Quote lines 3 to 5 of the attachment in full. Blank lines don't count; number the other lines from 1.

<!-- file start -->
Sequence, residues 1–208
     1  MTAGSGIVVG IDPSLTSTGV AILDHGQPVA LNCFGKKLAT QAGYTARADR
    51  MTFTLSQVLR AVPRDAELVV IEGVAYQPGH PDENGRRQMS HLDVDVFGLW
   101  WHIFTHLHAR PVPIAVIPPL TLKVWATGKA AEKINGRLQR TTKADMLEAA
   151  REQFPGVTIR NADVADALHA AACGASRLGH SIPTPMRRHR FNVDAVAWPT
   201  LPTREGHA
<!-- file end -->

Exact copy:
    51  MTFTLSQVLR AVPRDAELVV IEGVAYQPGH PDENGRRQMS HLDVDVFGLW
   101  WHIFTHLHAR PVPIAVIPPL TLKVWATGKA AEKINGRLQR TTKADMLEAA
   151  REQFPGVTIR NADVADALHA AACGASRLGH SIPTPMRRHR FNVDAVAWPT